18. Takai, Y. and Y. Kimura (2008), Aberration correction based on focus modulation transmission electron microscopy and its applications. J. Vac. Soc. Jpn., 51: 707-713

  19. Inamoto, S. , J. Yamasaki, E. Okunishi, K. Kakushima, H. Iwai, and N. Tanaka (2010),Annealing effects on a high-k lanthanum oxide film on Si(001) analyzed by aberration-corrected transmission electron microscopy/scanning transmission electron microscopy and electron energy loss spectroscopy. Journal of Applied Physics, 107: 124510 (10 pages)

  20. Wolf-Award for Breakthrough in Electron Microscopy: Maximilian Haider, Harald Rose, Knut Urban (2011), Imaging and Spectroscopy, Feb. 28

  21. Botton, G. A., S. Lazar, M. Couillard, L. Gunawan, and Y. Shao (2009), Energy loss spectroscopy and near-edge structure with aberration-corrected transmission electron microscopes. 11th Int. Conf. Adv. Mat.. Rio de Janeiro: ICAM Sep. 22 - 25

  22. Benner, G., M. Matijevic, A. Orchowski, B. Schindler, M. Haider, P. Hartel (2003), State of the First Aberration-Corrected, Monochromized 200kV FEG-TEM. Microsc. Microanal., 9: 38-39

  23. Rose, H. H. (2005), Prospects for aberration-free electron microscopy. Ultramicroscopy, 103: 1-6

  24. Hardy, D. F. (1964), Ph. D. dissertation, University of Cambridge

  25. Rose, H. H. (2004), Outline of ultra-corrector compensating for all primary chromatic and geometrical aberrations of charged-particle lenses. in Nuclear Instruments and Methods in Physics Research, in A519: 12-27

  26. Rose, H. H. (2008), Chapter 1 History of Direct Aberration Correction. in , Aberration–Corrected Electron Microscopy. (Ed) P.W. Hawkes, Adv. Im. Electron Phys, 153: 3-39

  27. Haider, M. , H. Müller, S. Uhlemann, J. Zach, U. Loebau, R. Hoeschen (2008), Prerequisites for a Cc/Cs-corrected ultrahigh-resolution TEM. Ultramicroscopy, 108: 167-178

  28. Haider, M. P. Hartel, H. Müller, S. Uhlemann, and J. Zach (2010), Information transfer in a tem corrected for spherical and chromatic aberration. Microscopy and Microanalysis, 16: 393-408

  29. Kaiser U. A., A. Chuvilin, J. Meyer, J. Biskupek (2009), Microscopy at the bottom. In: W. Grogger, F. Hofer, P. Poelt (Eds.) Materials Science Microscopy Conference MC2009, 3: 1-6

  30. Rose, H. H. (2009), Future trends in aberration-corrected electron microscopy. Phil. Trans. R. Soc. A, 367: 3809-3823. Also see In: New possibilities with aberration corrected electron microscopy. A. Bleloch, D. Cockayne, A. I. Kirkland and P. Nellist (eds.). Oxford: Nov 24 - 25, 2008

  31. Kaiser, U. A. , J. Biskupek, J. C. Meyer, J. Leschner, L. Lechner, H. Rose, M. Stöger-Pollach, N. Khlobystov, P. Hartel, H. Müller, M. Haider, S. Eyhusen, and G. Benner (2011), Transmission electron microscopy at 20 kV for imaging and spectroscopy. Ultramicroscopy, 111: 1239-1246

  32. Dahmen, U., R. Erni, V. Radmilovic, C. Kisielowski, M.-D. Rossell, and P. Denes (2009), Background, status and future of the Transmission Electron Aberration-corrected Microscopes project. Phil. Trans. R. Soc. A , 367: 3795-3808

  33. ZEISS SALVE I-II (20-120) not commercially available Cs-corrected LV-TEM, development of Cc corrector for LV-TEM, see here on the SALVE website

  34. JEOL (30-60) not commercially available Cs/Cc-corrected LV TEM, Sasaki et al. (2011) in press

  35. Nion UltraSTEM (40-200) not commercially available C3/C5-corrected LV-STEM, Nion Corp.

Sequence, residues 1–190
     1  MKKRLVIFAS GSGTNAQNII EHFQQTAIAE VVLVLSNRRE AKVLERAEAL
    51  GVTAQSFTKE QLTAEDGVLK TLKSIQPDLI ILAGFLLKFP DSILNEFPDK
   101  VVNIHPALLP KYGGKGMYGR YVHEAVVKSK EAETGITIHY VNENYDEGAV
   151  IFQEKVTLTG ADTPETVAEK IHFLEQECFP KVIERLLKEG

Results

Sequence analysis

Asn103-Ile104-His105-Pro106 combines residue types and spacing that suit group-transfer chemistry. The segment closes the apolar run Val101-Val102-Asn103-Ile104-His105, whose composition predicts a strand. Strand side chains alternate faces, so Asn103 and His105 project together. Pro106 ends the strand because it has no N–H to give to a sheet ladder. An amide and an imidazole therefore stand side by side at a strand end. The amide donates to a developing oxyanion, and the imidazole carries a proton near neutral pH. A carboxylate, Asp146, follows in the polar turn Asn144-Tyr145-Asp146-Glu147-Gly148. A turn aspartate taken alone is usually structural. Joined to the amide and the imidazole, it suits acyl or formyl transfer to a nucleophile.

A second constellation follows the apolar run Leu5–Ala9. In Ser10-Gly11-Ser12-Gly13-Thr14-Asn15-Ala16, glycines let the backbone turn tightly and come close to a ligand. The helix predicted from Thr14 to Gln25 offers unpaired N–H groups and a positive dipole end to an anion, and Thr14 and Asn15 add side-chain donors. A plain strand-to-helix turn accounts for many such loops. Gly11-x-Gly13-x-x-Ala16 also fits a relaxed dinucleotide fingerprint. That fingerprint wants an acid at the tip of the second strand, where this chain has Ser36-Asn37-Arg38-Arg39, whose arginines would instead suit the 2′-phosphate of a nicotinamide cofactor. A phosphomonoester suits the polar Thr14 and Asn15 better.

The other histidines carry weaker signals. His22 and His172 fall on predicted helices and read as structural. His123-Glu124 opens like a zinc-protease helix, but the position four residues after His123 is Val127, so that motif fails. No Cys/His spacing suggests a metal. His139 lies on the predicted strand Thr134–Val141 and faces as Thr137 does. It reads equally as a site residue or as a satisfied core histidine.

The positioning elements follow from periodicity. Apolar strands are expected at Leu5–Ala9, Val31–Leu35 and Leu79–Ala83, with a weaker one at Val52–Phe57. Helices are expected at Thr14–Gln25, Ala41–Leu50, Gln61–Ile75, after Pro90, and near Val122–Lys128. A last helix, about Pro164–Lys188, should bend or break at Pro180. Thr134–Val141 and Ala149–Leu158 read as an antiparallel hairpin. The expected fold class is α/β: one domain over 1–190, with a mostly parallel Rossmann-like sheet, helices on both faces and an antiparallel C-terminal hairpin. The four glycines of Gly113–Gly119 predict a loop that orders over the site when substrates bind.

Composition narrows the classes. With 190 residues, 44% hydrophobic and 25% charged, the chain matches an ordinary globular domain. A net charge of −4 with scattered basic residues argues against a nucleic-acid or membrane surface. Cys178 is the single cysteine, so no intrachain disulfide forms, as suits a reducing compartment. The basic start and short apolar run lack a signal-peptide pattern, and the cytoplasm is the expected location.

36. Sasaki, T., H. Sawada, F. Hosokawa, Y. Shimizu, T. Nakamichi, S. Yuasa, M. Kawazoe, T. Kaneyama, Y. Kondo (2011), Performance and application of chromatic/spherical aberration‐corrected 30 kV transmission electron microscope. Microsc. Microanal., 17: in press

  37. Suenaga, K., Y. Sato, Z. Liu, H. Kataura, T. Okazaki, K. Kimoto, H. Sawada, T. Sasaki, K. Omoto, T. Tomita, T. Kaneyama and Y. Kondo (2009), Visualizing and identifying single atoms using electron energy-loss spectroscopy with low accelerating voltage. Nature Chemistry, 1: 415-418

  38. Suenaga, K., and M. Koshino (2010), Atom-by-atom spectroscopy at graphene edge. Nature, 468: 1088-1090

  39. Koshino, M. , Y. Niimi, E. Nakamura, H. Kataura, T. Okazaki, K. Suenaga, S. Iijima (2010), Analysis of the reactivity and selectivity of fullerene dimerization reactions at the atomic level. Nature Chemistry, 2: 117-124

  40. Krivanek, O. L. , N. Dellby, M. F. Murfitt, M. F. Chisholm, T. J. Pennycook, K. Suenaga, V. Nicolosi (2010), Gentle STEM: ADF imaging and EELS at low primary energies. Ultramicroscopy, 110: 935-945

  41. Chuvilin, A. , E. Bichoutskaia, M. C. Gimenez-Lopez, T. W. Chamberlain, G. A. Rance, N. Kuganathan, J. Biskupek, U. A. Kaiser and A. N. Khlobystov (2011), Self-assembly of a sulphur-terminated graphene nanoribbon within a single-walled carbon nanotube. Nature Materials, 10: 687-692

  42. Meyer, J. C. , S. Kurasch, H. J. Park, V. Skakalova, D. Künzel, A. Groß, A. Chuvilin, G. Algara-Siller, S. Roth, T. Iwasaki, U. Starke, J. H. Smet and U. A. Kaiser (2011), Experimental analysis of charge redistribution due to chemical bonding by high-resolution transmission electron microscopy. Nature Materials, 10: 209-215

  43. Chamberlain, T. W. , J. C. Meyer, J. Biskupek, J. Leschner, A. Santana, N. A. Besley, E. Bichoutskaia, U. A. Kaiser and A. N. Khlobystov (2011), Reactions of the inner surface of carbon nanotubes and nanoprotrusion processes imaged at the atomic scale. Nature Chemistry, 3: 732-737

  44. Dellby, N., N.J. Bacon, P. Hrncirik, M.F. Murfitt, G.S. Skone, Z.S. Szilagyi and O.L. Krivanek (2011), Dedicated STEM for 200 to 40 keV operation. Eur. Phys. J. Appl. Phys., 54: 33505-(11 pages).

  45. Findlay, S. D., N. R. Lugg, N. Shibata, L. J. Allen, and Y. Ikuhara (2011), Prospects for lithium imaging using annular bright field scanning transmission electron microscopy: A theoretical study. Ultramicroscopy, 111: 1144-1154

  46. Huang, R., T. Hitosugi, S. D. Findlay, C. A. J. Fisher, Y. H. Ikuhara, H. Moriwake, H. Oki, and Y. Ikuhara (2011), Real-time direct observation of Li in LiCoO2 cathode material. Appl. Phys. Lett., , 98: 051913

  47. Shao-Horn, Y., L. Croguennec, C. Delmas, E. C. Nelson, and M. O’Keefe (2003), Atomic resolution of lithium ions in LiCoO2. Nat. Mat. , 2: 464-467